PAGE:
Notes the purchase of the Trèves II building approved by the Bureau on 18 October 2021, purchased with the intention of allowing the interconnectivity of Parliament’s central buildings in Brussels, and notes that it will be at the disposal of Parliament as from 1 January 2025; warns that the energy performance certificate indicates an annual primary energy consumption equivalent to class E, and that the last renovation of the building dates back to 2000; calls on the Bureau to approve the necessary renovations to improve the energy performance of the building in accordance with applicable energy efficiency regulations as the building is put to use by Parliament;

112.

Notes the architectural competition on the design of the renewal of the Spaak building for which the competitors submitted their proposals in January 2021, the jury analysed the 15 entries and ranked the five laureates in February 2021 and the Bureau endorsed the five laureates proposed by the jury at its meeting of 6 July 2022; is of the opinion that the necessary steps must be taken to renovate the building given its deteriorating condition in order to ensure the security and well-being of staff without unreasonable budgetary implications; therefore calls for proper information to be provided and consultation with the relevant Parliament committees on the next steps to be taken in the renovation plans, as well as plans regarding the purchase of new buildings;

113.

Takes note of the unanimous decision of the Bureau of 23 October 2019 to approve the creation of an IDEA Lab with the aim of testing new, innovative solutions in the context of offices and facility management; notes that the decision of the Bureau was not based on any specific cost estimate and welcomes the announcement of the new Secretary-General that each proposal for a decision will be accompanied by a financial statement of the estimated costs, and that expenditure should be accounted for transparently; welcomes the creation of a permanent laboratory for innovation together with the establishment of a separate budget line but considers that the costs need to remain reasonable and justifiable; notes that construction works needed to implement the innovative architectural concept, including the technical equipment and the installation costs, had a cost of 2 000 EUR/m2 in addition to the ‘standard’ renovation works, which is expected to benefit later renovation work in case of a larger roll-out; notes that to date the construction works needed to implement the architectural concept amount to EUR 663 265 while the IT equipment cost EUR 108 104;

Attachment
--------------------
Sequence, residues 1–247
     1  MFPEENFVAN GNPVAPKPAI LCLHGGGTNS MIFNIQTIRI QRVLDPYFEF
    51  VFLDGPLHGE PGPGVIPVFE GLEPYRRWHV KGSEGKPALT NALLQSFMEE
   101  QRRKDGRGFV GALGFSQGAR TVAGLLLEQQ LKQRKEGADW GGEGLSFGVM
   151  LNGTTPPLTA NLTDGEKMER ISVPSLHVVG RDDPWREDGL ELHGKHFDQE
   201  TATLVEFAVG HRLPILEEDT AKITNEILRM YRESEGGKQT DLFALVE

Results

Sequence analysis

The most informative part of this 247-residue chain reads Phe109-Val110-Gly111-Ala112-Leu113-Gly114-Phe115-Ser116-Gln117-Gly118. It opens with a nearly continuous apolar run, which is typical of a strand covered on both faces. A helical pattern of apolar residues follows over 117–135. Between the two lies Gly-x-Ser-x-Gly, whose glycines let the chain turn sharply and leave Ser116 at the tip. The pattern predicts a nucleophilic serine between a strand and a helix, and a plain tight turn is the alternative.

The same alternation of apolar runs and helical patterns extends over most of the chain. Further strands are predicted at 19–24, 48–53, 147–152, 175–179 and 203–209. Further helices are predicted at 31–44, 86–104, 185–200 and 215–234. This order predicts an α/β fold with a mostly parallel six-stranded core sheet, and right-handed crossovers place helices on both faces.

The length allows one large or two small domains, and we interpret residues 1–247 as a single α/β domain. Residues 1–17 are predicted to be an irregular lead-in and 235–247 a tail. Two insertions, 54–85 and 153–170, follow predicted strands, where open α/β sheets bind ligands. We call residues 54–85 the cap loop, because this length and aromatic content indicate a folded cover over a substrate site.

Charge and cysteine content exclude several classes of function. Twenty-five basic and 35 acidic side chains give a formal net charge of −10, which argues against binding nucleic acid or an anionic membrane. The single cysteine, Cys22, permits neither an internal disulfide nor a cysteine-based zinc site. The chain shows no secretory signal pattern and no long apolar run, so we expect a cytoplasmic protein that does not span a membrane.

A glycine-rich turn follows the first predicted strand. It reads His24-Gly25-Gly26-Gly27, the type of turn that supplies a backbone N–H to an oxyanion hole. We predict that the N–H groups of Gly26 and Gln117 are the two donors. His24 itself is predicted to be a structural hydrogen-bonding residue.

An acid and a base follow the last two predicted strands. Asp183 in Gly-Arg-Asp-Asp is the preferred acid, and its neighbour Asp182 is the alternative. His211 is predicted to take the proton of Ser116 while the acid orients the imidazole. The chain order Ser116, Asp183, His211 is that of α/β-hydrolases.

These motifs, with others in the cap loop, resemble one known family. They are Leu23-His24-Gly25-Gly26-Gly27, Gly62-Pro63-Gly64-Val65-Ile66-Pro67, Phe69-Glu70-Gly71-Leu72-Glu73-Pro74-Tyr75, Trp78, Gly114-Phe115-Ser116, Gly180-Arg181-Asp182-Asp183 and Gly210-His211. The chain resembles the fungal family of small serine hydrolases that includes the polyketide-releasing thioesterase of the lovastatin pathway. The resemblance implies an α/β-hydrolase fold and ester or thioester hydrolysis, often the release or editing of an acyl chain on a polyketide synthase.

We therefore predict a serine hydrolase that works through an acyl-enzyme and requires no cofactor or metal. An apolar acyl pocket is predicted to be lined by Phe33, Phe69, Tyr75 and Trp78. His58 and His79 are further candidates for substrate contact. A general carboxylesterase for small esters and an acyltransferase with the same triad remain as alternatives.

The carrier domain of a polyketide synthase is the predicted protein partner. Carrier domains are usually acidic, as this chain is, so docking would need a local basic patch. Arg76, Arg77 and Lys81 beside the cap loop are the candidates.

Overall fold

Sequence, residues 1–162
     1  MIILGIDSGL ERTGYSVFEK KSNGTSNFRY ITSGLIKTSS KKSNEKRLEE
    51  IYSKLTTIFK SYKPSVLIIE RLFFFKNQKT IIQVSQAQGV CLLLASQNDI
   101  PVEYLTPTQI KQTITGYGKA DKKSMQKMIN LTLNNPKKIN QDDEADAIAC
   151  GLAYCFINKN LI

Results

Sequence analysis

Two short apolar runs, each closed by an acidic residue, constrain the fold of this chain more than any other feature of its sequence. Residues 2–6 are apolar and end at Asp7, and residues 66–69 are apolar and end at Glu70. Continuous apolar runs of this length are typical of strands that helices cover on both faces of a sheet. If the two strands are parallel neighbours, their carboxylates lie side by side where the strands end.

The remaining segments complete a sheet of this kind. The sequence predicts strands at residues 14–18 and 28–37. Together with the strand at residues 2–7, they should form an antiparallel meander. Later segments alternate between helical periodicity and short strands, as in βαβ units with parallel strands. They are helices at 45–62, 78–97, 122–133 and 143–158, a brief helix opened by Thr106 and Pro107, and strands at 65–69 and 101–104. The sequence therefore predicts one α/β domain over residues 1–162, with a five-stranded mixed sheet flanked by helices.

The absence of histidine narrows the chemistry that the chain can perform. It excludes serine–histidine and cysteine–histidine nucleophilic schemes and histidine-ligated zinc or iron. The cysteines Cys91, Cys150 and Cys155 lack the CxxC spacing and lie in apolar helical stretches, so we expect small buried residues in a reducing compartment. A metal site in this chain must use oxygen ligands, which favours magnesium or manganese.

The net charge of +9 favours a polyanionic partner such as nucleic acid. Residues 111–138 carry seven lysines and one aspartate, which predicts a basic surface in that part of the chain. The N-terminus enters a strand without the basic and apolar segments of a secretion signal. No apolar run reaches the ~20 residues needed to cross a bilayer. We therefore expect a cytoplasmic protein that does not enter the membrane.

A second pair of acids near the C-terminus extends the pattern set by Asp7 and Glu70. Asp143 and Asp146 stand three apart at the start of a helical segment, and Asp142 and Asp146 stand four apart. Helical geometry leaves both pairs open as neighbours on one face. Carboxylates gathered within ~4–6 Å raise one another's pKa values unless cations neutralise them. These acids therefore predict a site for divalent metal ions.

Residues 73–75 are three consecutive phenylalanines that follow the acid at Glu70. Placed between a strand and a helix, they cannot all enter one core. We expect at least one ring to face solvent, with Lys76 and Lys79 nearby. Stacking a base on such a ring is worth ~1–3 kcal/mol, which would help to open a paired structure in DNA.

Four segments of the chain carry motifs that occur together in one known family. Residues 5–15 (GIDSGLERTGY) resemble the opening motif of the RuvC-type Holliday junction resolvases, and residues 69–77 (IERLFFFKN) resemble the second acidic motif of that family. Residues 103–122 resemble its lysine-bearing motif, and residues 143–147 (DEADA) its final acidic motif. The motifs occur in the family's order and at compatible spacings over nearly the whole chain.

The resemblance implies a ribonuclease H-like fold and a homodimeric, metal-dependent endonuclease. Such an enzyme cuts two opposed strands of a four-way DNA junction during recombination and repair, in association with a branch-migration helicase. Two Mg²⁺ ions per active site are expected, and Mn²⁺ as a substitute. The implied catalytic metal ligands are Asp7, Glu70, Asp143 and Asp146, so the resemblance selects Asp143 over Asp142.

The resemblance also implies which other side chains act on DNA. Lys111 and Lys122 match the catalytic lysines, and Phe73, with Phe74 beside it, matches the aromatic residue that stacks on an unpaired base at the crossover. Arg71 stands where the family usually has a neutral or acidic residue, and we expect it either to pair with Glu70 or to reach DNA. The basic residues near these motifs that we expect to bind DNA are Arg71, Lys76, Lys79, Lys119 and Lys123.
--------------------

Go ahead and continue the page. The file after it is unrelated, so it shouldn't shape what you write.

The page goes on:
114.

Points out that the IDEA Lab is supposed to be at the disposal of Members; requests that Members be informed in this regard about innovations and tested solutions that are to be introduced in the future and those that are not pursued any further and reasons for not pursuing those innovations and solutions; questions the rationale behind the selection of the providers and of some of the technical innovations to be tested and regrets that some of the innovations would be too expensive to scale despite their interest; is of the opinion that one of the priorities of the IDEA Lab should be an innovative architectural solution to make better use of the space occupied by the unused showers in the Members’ offices; calls on the Bureau working group on buildings and Parliament’s administration to ensure greater transparency regarding the budget for the IDEA Lab and to regularly present to the Committee on Budgetary Control the list of innovative solutions, their cost and the feedback produced, as well as the potential saving if implemented;

115.

Notes that, in 2021, the total number of reported thefts in Members’ offices and staff offices was 83, representing a 58,2 % decrease compared to 2020, with a total value of stolen items amounting to EUR 190 791; welcomes the fact that Parliament’s responsible services identified the perpetrator of two important thefts, one related to 101 hybrid computers and 26 iPads and the other related to 15 hybrid computers, and that the case is pending before the Belgian judicial proceedings;

116.

Welcomes the fact that the Wayenberg crèche was certified by the Belgian national authority (ONE – Office de la Naissance et de l’Enfance) at the end of 2021; regrets the issues encountered with the service provider in 2021, including the closure of sections and successive sudden changes to the internal COVID-19 protocol, and welcomes the positive transition to a new provider as of 1 February 2022 as well as the measure to monitor the implementation of the new contract;

117.

Notes that the East Wing of the Adenauer building in Luxembourg was completed in 2020 and the large-scale relocation of offices from the Schuman building ended in 2022; notes that works to build the West Wing started in 2020 and that the office space are almost all allocated to the parliament staff; expresses its deep concern over the fact that Parliament’s biggest and most expensive investment in buildings in recent years stands under-used due to a very low occupancy rate of the buildings;

Canteens

118.